Like most of you, I read the announcement by Lennar Homes touting its new “Wi-Fi CERTIFIED Home Design” home plans powered by Amazon and a host of other manufacturer partners, and I wanted to throw in my take from an integrator’s perspective. I’ve had a month to digest my feelings on Lennar’s move, so here are a few of my observations.
Lennar’s participation in the Wi-Fi Alliance’s Wi-Fi Home Design Program is enabled by its Wi-Fi Alliance Contributor Membership status (only $15,000 per year!) Any builder wanting Wi-Fi CERTIFIED Home Design plans for their own homes will need to pony up big bucks for the privilege. It’s a smart move forcing larger homebuilders to make a tough choice. Will the likes of Ryan, Toll Brothers, and others follow suit? I bet they will. That’s great for the industry and great for the Wi-Fi Alliance. What about the smaller custom builders (our clients)? How do we position this news in meaningful terms for them?
Standardizing Wi-Fi appears to be the next wave in new construction technology adoption. Lennar is using Ruckus for its networks. Will manufacturers like Luxul, Pakedge, or Ubiquiti use their Wi-Fi Alliance membership to get Wi-Fi CERTIFIED Home Design plans pushed through on behalf of integrators and their builder clients? It’s an interesting twist, and I intend to find out. If we can’t, it’s not a big deal, but certainly worth asking.
At this point, we’re canvassing our builder clients with Lennar’s news and encouraging them to adopt new standard packages with us, including turnkey Wi-Fi solutions. I’ll be surprised if we don’t see a significant uptick in Wi-Fi standardization as a result. We’re all busy, and builders are no exception. Unless we can prove that there’s an immediate benefit to a builder, they’re usually loathe to change anything in their base package. “We can add that as an upgrade,” is the usual response. That said, they’re not going to accept a completely new addition to their standard packages without taking away some other parts of their current base package. A tough dilemma, but it’s the game we chose to play.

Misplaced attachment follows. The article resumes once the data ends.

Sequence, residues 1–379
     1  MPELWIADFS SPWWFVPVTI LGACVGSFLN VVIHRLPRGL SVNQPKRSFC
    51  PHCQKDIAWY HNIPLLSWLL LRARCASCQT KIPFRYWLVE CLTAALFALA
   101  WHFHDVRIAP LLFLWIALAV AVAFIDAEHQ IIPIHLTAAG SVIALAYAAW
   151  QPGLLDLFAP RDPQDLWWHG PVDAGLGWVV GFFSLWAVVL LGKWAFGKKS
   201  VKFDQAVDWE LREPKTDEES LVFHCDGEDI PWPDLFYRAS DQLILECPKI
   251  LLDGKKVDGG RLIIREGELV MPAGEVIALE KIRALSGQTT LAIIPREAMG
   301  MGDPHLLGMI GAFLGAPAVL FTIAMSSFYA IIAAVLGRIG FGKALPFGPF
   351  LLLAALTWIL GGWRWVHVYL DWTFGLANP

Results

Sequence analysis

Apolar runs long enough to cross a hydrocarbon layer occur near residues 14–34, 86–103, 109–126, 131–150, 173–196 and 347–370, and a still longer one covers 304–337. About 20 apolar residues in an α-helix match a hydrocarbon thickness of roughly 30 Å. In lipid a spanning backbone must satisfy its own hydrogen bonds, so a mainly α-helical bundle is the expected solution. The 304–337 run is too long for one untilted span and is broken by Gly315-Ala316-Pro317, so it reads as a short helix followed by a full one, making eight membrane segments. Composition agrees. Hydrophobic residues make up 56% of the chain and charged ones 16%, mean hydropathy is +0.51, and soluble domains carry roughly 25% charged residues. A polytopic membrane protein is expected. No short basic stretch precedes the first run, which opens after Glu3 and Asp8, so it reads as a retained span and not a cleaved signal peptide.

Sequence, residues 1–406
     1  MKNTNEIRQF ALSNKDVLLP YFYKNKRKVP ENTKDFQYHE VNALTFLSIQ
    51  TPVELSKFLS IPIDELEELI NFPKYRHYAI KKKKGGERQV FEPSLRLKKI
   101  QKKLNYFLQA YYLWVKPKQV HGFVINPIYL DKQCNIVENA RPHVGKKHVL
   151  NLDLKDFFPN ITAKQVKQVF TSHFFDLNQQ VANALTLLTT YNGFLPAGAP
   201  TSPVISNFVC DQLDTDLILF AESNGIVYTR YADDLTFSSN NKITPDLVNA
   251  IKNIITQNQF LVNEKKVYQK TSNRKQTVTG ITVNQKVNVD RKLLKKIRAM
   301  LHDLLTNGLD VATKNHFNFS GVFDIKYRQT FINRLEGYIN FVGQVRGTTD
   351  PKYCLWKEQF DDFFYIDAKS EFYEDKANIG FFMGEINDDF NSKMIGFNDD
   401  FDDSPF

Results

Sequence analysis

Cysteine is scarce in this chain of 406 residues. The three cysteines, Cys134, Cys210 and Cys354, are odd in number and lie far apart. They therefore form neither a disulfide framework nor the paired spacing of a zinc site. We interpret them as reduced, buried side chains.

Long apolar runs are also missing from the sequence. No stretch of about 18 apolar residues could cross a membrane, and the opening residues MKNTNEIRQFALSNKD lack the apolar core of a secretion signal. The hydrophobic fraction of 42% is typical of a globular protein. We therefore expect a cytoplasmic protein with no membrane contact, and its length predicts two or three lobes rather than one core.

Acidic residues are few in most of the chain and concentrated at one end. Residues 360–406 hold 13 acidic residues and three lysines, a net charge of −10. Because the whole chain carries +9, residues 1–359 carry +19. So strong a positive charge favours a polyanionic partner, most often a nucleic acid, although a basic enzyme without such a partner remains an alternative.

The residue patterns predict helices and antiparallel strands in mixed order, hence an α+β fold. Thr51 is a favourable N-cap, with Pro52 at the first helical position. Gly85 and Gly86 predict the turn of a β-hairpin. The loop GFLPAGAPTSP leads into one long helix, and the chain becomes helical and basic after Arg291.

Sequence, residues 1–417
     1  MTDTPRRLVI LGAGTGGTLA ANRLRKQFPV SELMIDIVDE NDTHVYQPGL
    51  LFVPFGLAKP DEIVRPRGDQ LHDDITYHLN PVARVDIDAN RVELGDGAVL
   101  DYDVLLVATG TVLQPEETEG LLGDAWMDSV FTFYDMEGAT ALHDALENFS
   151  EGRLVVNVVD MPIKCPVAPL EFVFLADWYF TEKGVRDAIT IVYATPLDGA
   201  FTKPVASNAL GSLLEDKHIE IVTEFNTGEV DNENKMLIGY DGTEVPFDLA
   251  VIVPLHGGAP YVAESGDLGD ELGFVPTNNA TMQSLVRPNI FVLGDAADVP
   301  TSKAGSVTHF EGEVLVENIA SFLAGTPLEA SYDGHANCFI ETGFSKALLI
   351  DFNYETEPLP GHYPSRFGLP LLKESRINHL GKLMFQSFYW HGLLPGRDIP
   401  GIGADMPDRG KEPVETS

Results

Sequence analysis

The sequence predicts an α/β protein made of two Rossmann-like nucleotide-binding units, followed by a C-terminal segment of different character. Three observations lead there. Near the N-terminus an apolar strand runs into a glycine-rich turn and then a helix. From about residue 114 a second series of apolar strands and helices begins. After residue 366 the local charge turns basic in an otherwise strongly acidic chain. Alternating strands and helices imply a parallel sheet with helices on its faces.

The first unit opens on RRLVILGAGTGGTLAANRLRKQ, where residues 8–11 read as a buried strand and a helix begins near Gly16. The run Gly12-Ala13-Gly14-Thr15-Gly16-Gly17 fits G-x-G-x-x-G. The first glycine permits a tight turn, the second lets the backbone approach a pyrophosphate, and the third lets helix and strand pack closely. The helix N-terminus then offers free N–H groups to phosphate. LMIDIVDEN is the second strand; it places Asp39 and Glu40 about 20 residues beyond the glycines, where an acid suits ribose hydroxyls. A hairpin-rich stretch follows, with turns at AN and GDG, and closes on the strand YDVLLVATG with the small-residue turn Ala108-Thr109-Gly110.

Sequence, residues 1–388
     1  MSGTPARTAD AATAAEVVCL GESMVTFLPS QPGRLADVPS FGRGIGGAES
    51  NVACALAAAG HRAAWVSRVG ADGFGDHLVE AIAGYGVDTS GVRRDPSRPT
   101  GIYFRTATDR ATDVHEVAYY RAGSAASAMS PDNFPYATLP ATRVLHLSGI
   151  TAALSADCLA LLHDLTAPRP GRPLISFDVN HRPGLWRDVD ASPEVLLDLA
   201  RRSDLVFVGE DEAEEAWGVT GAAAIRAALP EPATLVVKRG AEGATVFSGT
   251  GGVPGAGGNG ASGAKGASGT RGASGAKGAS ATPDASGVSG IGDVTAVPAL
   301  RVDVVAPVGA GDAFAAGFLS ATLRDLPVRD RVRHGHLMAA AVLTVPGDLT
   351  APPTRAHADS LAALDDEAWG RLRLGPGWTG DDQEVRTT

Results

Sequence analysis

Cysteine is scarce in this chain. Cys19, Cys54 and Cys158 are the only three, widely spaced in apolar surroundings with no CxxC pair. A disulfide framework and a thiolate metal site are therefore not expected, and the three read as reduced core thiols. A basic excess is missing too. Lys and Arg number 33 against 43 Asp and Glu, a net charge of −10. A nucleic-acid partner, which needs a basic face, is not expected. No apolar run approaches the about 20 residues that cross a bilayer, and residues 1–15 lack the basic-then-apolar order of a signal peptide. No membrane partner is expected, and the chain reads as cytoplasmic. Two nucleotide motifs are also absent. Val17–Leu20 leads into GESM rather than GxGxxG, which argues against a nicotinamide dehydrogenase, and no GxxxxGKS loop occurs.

We’re going to remove some structured cabling to value engineer the standard package. We see Wi-Fi as a gateway to offering our remote managed services support solutions. We’ll now have an opportunity to help clients manage their networks, parental controls, offer cyber-security protection, add devices, and sit at the heart of the home technology ecosystem in EVERY new home. Sounds good to me!
The road ahead might be challenging because of technology issues we haven’t encountered. If we’re standardizing Wi-Fi, that means we need to be prepared to leave everything ready for the internet service provider (Xfinity, FiOS, etc.) to connect seamlessly. I don’t see this going smoothly. Cable company technicians are wired to rip out all existing gear and install their own. Without good communications, programs like Wi-Fi CERTIFIED Home Design might go awry very quickly. With Big Cable trying to offer their own Wi-Fi solutions at a premium, I also see some intended or unintended competition. How do we ensure a smooth installation? Enlist the homebuilder and developer as early as possible and lay it out for them in simple terms. Cable companies are very interested in pre-wiring new communities and are willing to listen to developers during the planning phases. County boards of supervisors are also powerful allies in obtaining compliance from otherwise opaque bureaucracies.
In short, Wi-Fi CERTIFIED Home Design is a good thing for our industry. Make sure you’re talking to your builders about it before they’re talking to you. It’s a sure bet if they’re calling you, a competitor already made the rounds. What are you waiting for? The guy across town probably just read this and called your best builder! Just kidding… but not really.
Stay frosty and see you in the field!